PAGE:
When the failed heist of a treasury plane leaves John Lithgow and his group of robbers abandoned in the Rocky Mountains, they force rescuer/mountain climber Sylvester Stallone to locate the lost suitcases of money and get them out alive. This introduction is what one gleams after watching the ten or so minutes of low-quality, grainy footage that sets the stage for the first level of the Sega CD video game based off of the 1993 film, Cliffhanger. Developed by Malibu Interactive and published by Sony Imagesoft, Cliffhanger features awful beat ‘em gameplay interspersed with fast-paced 3D snowboarding and dire video clips.

Fighting the dozens of enemies was unpleasant thanks to Stallone’s slow movement, limited selection of attacks, and poor hit detection, among other deterrents.

After locating one of the lost suitcases, Stallone is on his own as he proceeds to traverse and scale peaks that contain way more enemies than one was lead to believe was with Lithgow. The beat ‘em up gameplay that ensues is awful. The stages are full of banal action that manages to be infuriatingly cheap. Stallone moves like a child with a dozer load in his diaper and after every hit he takes, he collapses onto his batch of brownies. This Stallone is not the Rocky who can take the hits, and deal them out with more determination and intensity than his foes. Thankfully, the enemies also can’t take a beating and are out cold after two or three hits. But when it comes to scaling cliffs, don’t even bother. Resting on perches are snipers who can’t be touched, so don’t worry, Stallone’s just going to have to man up and take a few bullets. The lives will be lost and continues will be used – thankfully the game doles out a combined twenty-one chances to outwit Lithgow, but you’re gonna blow through them on the snowboarding sections.

When he’s not killing thugs with his bare hands (or wussing out by using a knife or gun), he’s hitting the slopes and getting his daredevil thrills by outrunning avalanches. How Stallone can go from falling on his ass to outrunning avalanches is a weird disparity in pacing. These stages of the game are quasi-3D with Stallone shredding into the screen while dodging boulders and bushes. Speaking of infuriatingly cheap, it was one of these stages that I rage quit and decided I could spend my time better. Still, the fast-paced gameplay of the snowboarding sections was the complete opposite of the worthless beat ‘em sections and for that, I almost enjoyed it.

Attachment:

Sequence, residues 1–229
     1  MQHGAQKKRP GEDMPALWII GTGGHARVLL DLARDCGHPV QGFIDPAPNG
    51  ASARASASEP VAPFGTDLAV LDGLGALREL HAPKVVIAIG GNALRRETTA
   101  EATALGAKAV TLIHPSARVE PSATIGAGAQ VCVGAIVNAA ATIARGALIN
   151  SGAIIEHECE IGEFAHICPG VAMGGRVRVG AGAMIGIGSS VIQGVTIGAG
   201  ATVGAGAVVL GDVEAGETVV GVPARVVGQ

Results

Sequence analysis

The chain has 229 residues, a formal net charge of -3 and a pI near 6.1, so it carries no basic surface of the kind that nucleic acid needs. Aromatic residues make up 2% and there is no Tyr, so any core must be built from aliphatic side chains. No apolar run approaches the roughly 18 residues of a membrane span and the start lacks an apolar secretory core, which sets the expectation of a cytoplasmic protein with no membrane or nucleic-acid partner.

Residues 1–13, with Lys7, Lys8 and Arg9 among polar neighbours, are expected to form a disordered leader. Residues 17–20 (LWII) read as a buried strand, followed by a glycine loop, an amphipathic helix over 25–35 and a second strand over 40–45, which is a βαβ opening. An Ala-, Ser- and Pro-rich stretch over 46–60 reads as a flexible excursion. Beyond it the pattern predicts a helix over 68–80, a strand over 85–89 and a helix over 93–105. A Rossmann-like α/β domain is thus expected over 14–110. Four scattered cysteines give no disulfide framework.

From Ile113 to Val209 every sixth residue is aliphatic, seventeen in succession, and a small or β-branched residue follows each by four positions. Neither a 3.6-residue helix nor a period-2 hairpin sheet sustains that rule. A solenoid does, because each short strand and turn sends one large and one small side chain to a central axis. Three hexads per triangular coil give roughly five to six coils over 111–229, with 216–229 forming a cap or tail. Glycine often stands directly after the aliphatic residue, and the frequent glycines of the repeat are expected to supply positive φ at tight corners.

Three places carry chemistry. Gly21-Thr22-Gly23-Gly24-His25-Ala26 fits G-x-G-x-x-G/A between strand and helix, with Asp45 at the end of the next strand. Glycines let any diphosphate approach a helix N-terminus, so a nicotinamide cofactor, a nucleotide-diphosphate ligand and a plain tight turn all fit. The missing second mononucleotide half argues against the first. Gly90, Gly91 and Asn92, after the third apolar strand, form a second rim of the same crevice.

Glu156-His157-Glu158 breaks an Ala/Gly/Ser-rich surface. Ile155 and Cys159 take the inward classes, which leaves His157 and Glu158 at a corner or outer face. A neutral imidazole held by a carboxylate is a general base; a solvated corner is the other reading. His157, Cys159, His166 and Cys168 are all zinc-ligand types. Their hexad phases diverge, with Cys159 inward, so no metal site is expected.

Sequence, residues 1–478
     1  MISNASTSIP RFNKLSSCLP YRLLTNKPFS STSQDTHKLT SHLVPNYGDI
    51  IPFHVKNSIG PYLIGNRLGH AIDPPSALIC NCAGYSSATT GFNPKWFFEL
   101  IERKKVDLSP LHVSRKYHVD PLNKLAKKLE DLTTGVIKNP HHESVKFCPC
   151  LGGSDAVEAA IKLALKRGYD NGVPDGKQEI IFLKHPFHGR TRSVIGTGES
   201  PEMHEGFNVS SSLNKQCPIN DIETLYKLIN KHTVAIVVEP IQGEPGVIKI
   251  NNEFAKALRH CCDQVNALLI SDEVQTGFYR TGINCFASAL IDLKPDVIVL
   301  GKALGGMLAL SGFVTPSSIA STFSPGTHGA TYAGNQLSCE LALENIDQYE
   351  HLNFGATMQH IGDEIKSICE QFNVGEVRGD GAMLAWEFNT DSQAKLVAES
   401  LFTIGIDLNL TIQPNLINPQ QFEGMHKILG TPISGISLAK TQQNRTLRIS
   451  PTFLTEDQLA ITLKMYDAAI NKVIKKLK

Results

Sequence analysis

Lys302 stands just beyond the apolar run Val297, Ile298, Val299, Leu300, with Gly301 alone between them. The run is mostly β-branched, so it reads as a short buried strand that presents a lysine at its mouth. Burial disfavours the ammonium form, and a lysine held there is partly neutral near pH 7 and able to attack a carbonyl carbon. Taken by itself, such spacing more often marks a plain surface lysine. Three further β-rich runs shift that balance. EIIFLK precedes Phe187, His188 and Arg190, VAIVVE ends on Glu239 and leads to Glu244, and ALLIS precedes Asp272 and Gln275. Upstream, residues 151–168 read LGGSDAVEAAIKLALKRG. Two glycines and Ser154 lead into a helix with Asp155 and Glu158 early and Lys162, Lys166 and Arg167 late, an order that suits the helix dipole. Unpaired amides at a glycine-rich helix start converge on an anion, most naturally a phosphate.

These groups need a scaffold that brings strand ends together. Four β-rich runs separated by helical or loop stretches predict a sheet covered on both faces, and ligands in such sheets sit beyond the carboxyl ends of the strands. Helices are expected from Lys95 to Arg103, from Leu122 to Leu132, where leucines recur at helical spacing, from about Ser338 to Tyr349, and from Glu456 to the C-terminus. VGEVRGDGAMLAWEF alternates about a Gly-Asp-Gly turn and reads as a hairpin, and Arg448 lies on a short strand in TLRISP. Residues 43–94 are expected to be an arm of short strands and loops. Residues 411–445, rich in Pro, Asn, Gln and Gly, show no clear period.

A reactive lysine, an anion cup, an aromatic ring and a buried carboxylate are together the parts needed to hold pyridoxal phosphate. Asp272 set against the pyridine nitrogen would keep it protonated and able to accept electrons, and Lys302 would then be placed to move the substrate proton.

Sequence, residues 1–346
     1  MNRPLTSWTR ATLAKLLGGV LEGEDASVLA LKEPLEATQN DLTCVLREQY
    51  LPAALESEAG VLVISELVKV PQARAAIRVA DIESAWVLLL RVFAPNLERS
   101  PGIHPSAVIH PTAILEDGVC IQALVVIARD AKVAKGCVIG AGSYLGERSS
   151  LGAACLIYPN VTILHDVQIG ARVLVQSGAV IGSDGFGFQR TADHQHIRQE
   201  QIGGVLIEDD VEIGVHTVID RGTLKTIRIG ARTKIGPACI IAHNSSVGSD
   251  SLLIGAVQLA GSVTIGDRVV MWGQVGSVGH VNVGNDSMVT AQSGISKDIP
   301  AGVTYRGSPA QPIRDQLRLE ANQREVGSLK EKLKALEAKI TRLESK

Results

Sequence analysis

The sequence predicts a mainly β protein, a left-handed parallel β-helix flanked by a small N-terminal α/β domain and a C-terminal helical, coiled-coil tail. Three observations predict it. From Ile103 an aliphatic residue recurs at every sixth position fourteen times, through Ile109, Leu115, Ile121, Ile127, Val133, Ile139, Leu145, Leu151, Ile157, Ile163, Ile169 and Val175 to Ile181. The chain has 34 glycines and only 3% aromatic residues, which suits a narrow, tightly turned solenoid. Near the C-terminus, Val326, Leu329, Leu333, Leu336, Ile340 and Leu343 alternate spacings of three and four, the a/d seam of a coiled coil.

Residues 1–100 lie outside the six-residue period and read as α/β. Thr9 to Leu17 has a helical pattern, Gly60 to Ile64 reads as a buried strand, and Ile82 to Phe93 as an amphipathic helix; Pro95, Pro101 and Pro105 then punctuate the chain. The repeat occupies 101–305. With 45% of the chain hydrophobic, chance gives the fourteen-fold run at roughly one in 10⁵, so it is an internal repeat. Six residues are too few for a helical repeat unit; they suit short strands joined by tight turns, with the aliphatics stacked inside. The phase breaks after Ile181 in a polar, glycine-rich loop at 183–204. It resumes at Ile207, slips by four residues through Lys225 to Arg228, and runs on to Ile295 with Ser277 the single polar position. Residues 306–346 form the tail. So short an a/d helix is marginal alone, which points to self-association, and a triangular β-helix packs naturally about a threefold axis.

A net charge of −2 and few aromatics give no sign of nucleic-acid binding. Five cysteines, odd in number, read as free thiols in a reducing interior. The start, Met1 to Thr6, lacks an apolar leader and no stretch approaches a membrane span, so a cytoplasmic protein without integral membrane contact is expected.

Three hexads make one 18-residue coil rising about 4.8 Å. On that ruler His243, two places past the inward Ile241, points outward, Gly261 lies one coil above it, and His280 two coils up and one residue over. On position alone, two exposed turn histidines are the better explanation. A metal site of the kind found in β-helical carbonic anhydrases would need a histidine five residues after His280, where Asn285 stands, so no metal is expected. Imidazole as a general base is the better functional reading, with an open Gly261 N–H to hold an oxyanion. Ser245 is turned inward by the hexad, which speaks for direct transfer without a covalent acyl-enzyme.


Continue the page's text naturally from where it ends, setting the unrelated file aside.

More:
This game was released for other systems back in the day (Genesis, SNES, Game Boy, and Game Gear) but this was the only version to feature snowboarding sections.

Cliffhanger’s beat ‘em up gameplay pales in comparison to the titans of the genre and its snowboarding sections are a thrill, but too long for their own good. The soundtrack was ridiculously clear, but I don’t care. The best part of Cliffhanger was the twenty minutes of malodorous video, and that’s saying something.

Cadillacs and Dinosaurs: The Second Cataclysm – First Impressions

Rocket Science Games, the developer, was founded by a prolific entrepreneur and a workaholic game designer in 1993 and later received a $12M investment, in part from Sega.

At first glance, Cadillacs and Dinosaurs: The Second Cataclysm is very interesting. This Sega CD/PC video game is based off of the Xenozoic Tales comic books/TV show and it features graphics and cutscenes that stay true to this heritage. Another way the game sticks to its foundation is through the inclusion of the zany post-apocalyptic story. I perceive the developer’s as having a passion for translating this intellectual property into a video game, and yet, my first impressions of The Second Cataclysm are negative. Repeatedly playing the first level of the on-rails shooter deflated my morale until I eventually threw in the towel.

Through a brief comic book in the manual and an introductory cutscene, I was enlightened on the setting and plot points of The Second Cataclysm. Many hundreds of years in the future, Earth was ravaged by unnatural disasters and the remaining humans survived and thrived underground. When they returned to the surface, the planet was overrun with the remains of their civilizations and confusingly, dinosaurs. They’ve learned to follow the “machinatio vitae” which calls for a balance between nature and machinery and when a race of highly developed ground dwellers sense an upset in this balance, they seek out all around good guy Jack Tenrec to prevent another cataclysm like the one that devastated Earth hundreds of years before.

The game looked good (considering the terrible grainy picture), but the gameplay was bland and difficult.

With his trusty accomplice Hannah Dundee and his 1953 Cadillac, Jack sets out to stop Wilhelmina Scharnhorst’s megalomaniacal ambitions. His road to success is littered with obstacles however, first and foremost that there isn’t one!

As I cruised through the jungle in Jack’s hot ride, I’d try my best to avoid rocks, logs, and dinosaurs and if I couldn’t, I’d have Hannah blast them with her gun. I had to keep an eye on the path ahead though because the road to success wasn’t straight. I’d have to make split-second decisions when I came to forks in the road and I’m not quite sure if this holds true in the earlier stages, but the manual leads me to believe that I could go in circles. Keeping the “machinatio vitae” in mind, I’d try my best not to blast dinosaurs because when I did, my time limit to reach Scharnhorst decreased.